Background: Despite their increased risk of nephropathy, remarkably little is known about renal perfusion and function in healthy African Americans.
Methods: We enrolled 32 healthy African Americans and compared renal perfusion and function in 82 age-matched healthy Caucasians. Studies were performed on a diet containing 200 mmol of sodium and 100 mmol of potassium per day. In a separate study of 28 subjects, 10 African American and 18 Caucasians, the contribution of the renin-angiotensin system was assessed by measuring renal hemodynamic responses to angiotension II (Ang II) and captopril.
Results: Although glomerular filtration rate (GFR) was similar, renal plasma flow (RPF) was significantly less in age-matched African Americans (568 +/- 18) than Caucasians (620 +/- 13 mL/min/1.73 m(2), P = 0.0063). After captopril, African Americans had a sevenfold greater vasodilator response and a rise in RPF (35.3 +/- 4.9 vs. 4.9 +/- 12.4 mL/min/1.73 m(2) in African Americans and Caucasians, respectively, P < 0.028). Ang II administration caused a significantly smaller vasoconstrictor response in African Americans (Ang II-induced fall in RPF, -97 +/- 18 vs. -150 +/- 9 mL/min/1.73 m(2), P = 0.05), and angiotensin-converting enzyme (ACE) inhibition enhanced the response to Ang II in African Americans significantly.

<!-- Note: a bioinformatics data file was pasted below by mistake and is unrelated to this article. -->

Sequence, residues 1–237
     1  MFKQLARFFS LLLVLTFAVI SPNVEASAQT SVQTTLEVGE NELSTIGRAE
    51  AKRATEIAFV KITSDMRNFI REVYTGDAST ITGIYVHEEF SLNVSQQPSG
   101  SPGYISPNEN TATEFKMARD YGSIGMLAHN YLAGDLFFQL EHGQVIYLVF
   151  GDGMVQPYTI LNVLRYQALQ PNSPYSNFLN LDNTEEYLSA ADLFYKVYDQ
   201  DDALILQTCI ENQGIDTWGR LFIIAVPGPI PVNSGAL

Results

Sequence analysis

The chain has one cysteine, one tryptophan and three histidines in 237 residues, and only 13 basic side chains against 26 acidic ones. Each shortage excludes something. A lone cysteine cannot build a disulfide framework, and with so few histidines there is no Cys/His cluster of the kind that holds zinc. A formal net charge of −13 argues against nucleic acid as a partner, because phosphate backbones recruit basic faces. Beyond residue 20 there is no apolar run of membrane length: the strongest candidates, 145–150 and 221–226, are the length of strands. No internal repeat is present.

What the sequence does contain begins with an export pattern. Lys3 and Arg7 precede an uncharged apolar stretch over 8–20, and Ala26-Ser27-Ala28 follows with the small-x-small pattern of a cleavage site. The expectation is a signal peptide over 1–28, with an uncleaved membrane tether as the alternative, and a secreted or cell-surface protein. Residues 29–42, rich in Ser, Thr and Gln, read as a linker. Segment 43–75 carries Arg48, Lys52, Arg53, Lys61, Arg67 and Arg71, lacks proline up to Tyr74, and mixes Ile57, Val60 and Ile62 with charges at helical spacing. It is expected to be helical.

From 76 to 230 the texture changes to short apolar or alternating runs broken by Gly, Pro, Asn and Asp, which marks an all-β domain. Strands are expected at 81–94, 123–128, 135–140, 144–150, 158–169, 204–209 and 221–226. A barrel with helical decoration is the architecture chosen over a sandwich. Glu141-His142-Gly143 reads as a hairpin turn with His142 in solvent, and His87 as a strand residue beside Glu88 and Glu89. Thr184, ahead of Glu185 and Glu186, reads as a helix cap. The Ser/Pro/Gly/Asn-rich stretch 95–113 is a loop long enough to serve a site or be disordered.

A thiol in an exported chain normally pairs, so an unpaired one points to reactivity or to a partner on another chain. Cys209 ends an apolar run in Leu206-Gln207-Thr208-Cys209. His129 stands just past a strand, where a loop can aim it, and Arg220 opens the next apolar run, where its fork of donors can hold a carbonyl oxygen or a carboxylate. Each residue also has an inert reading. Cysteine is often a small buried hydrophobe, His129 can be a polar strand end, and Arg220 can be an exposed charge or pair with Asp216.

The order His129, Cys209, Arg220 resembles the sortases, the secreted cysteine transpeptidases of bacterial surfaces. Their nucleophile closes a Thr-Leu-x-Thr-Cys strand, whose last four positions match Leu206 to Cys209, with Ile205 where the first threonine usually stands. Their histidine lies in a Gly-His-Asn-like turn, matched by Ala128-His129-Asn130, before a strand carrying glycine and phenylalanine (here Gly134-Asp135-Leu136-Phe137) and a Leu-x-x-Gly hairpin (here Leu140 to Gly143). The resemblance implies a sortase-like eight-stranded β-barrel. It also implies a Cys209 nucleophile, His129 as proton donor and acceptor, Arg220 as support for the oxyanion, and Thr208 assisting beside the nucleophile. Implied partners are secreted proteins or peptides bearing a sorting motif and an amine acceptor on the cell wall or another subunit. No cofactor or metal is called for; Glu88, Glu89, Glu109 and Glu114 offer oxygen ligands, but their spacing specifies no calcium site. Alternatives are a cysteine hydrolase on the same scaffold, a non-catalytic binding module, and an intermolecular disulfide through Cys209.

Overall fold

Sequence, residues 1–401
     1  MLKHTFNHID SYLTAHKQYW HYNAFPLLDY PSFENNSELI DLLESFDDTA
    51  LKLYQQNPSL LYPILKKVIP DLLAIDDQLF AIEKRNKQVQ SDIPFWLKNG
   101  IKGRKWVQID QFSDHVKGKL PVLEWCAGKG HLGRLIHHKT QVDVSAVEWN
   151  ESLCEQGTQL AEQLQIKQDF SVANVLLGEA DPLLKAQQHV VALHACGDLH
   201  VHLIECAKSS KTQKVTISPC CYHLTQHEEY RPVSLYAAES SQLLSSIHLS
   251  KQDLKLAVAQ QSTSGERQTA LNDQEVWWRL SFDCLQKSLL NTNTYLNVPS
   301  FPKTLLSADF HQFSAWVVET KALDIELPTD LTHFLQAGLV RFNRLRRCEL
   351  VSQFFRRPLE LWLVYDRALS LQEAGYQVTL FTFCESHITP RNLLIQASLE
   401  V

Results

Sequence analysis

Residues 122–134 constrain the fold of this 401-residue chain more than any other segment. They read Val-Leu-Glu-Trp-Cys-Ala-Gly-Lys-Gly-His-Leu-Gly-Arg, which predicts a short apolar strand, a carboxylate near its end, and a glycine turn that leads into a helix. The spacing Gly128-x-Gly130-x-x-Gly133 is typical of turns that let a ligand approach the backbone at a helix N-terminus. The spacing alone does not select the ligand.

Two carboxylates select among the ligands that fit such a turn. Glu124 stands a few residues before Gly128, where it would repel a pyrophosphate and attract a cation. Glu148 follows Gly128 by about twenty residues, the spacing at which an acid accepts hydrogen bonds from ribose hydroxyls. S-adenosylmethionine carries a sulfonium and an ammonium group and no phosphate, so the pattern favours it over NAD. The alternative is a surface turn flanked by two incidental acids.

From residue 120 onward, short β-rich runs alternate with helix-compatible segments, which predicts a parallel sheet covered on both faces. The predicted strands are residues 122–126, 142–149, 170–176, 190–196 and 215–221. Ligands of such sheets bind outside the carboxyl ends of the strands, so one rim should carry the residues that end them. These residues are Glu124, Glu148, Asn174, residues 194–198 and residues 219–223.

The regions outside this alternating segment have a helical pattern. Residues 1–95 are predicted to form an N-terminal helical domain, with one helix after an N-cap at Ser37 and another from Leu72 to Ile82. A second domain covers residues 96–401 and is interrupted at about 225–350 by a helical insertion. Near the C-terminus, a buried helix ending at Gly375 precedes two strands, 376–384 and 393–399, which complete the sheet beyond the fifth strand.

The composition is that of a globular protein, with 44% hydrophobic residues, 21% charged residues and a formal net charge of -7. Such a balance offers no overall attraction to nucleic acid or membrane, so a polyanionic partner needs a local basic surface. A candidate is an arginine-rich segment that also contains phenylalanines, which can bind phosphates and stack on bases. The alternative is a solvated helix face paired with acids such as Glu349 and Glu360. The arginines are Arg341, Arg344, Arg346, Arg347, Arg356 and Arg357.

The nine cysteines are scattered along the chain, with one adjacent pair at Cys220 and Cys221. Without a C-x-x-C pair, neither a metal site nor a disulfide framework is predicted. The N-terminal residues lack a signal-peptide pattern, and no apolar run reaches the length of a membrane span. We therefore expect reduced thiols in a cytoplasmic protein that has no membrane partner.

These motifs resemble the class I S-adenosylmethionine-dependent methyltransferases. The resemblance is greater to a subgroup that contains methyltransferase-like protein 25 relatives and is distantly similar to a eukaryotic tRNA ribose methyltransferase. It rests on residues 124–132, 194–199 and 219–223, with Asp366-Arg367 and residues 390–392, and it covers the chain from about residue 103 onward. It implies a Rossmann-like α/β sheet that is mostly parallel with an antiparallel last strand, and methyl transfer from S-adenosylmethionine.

Conclusions: A reduction in RPF, blunting of the renal vascular response to Ang II, and an accentuated renal vasodilator response to captopril, which in turn corrects the blunting of responsiveness to Ang II, all suggest activation of the renin system in apparently healthy African Americans. As PRA was identical in Caucasians and African Americans, the findings suggest that it is the intrarenal-renin system that is activated in African Americans. This difference in normal control mechanisms could predispose to nephropathy.